The story with both Sinclair and Nexstar is extra-juicy because both companies have valuable spectrum that could be leased or sold to wireless companies. Analysts who are bullish on broadcasters believe the two companies have spectrum licenses that could be worth as much as the companies' total market value today! Sinclair has a $3.5 billion market cap and Nexstar is a much smaller $1.35 billion.

Here's the impressive 1-year price chart for both companies. Yet the few analysts who follow these companies say there may be a lot more upside within the next 2 years. SBGI Chart SBGI data by YCharts

Both companies' stock hit new 52-week highs on Oct. 4, yet Nexstar trades at a current P/E of less than 8 and a forward (1-year) P/E of only 12.56. Sinclair's two P/E ratios are 24.4 current and a low 11 for the year ahead.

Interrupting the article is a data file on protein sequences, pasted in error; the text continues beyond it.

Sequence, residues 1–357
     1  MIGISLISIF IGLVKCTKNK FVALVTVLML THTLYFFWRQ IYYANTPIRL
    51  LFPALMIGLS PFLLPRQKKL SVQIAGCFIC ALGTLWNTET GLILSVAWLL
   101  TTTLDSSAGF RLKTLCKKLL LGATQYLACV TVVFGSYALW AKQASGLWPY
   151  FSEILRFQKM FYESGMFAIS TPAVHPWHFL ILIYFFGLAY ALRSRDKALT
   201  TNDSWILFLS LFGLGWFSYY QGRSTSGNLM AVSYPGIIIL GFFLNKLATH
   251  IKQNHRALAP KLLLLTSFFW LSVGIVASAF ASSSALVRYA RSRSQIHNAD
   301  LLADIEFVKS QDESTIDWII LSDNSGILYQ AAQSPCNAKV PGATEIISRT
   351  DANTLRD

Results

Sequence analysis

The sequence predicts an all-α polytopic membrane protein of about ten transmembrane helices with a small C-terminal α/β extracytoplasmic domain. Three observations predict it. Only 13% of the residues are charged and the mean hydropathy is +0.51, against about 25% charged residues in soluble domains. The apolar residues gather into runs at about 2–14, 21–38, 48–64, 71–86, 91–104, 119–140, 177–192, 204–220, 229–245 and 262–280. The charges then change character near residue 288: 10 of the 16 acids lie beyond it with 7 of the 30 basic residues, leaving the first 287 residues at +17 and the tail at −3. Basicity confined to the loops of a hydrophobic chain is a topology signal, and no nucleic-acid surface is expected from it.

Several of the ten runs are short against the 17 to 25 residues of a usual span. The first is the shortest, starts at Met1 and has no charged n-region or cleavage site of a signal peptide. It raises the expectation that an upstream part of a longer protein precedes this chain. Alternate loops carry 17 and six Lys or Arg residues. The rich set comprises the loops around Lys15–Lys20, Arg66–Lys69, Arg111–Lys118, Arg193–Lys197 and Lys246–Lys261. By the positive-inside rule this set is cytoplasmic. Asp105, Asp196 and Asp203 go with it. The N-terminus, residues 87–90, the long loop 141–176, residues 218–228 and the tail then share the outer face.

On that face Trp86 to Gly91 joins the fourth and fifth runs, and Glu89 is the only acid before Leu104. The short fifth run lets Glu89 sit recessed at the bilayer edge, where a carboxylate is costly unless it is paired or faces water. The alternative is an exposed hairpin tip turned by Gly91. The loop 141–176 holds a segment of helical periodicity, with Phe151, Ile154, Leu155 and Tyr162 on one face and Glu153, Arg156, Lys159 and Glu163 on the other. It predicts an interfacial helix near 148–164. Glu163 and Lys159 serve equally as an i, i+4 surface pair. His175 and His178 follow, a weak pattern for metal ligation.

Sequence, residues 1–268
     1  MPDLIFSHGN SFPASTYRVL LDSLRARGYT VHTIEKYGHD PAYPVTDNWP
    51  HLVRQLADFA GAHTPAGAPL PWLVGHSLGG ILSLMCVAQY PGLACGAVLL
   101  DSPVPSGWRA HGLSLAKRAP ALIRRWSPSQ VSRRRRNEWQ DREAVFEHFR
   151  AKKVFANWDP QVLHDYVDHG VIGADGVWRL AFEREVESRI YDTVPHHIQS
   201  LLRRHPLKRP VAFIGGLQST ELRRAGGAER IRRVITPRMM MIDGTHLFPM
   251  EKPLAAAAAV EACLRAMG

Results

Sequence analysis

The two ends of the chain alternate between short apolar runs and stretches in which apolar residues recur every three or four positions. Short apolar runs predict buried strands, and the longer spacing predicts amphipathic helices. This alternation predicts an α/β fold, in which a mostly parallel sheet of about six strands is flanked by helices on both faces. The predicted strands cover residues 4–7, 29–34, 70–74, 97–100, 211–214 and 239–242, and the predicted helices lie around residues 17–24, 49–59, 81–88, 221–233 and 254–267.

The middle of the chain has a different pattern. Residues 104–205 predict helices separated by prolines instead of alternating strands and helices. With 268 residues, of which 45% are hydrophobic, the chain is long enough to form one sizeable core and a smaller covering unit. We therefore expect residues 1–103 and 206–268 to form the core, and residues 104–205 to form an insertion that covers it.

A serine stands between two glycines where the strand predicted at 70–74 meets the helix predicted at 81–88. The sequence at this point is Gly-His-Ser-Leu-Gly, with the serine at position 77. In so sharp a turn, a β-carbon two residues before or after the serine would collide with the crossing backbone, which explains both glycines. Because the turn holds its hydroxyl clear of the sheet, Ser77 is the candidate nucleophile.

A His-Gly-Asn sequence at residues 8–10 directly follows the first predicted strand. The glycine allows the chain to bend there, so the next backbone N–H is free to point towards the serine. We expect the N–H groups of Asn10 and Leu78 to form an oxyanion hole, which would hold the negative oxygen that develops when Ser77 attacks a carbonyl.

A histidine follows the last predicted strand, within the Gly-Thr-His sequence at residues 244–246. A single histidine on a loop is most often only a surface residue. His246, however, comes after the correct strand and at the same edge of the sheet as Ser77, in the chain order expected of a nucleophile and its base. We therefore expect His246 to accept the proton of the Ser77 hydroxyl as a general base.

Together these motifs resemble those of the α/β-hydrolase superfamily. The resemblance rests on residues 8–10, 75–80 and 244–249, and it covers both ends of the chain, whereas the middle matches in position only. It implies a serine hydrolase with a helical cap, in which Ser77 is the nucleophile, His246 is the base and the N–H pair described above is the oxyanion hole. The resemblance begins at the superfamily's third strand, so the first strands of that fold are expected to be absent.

Both stocks can suddenly correct especially on any news that the FCC may be considering proposals that limit the extent that broadcast companies can grow by acquisitions and mergers.

Also making a correction possible is that shares of both companies have skyrocketed since the beginning of September. Yet the stocks' valuations are not much higher than they were two years ago.

Sinclair pays a dividend with a yield-to-price of 1.73% and Nexstar's dividend yield is 1.07%. Even with the current surge higher, Nexstar trades at around 8 times 2014 estimated cash flow (EBIDTA earnings) and Sinclair at around 6 times 2014 EBIDTA cash flow.

The FCC may continue to sponsor auctions that allow wireless operators to buy spectrum for billions of dollars. Sinclair's spectrum alone is estimated to be worth $3 billion or $36 a share. Nexstar's spectrum may command a value of $800 million, or $25 a share.

So using a baseball analogy, this lucrative game might still have 4 innings or so to go. The FCC's most recent plan is to eventually hold an incentive auction to motivate broadcasters to return their spectrum in exchange for enormous, one-time payments.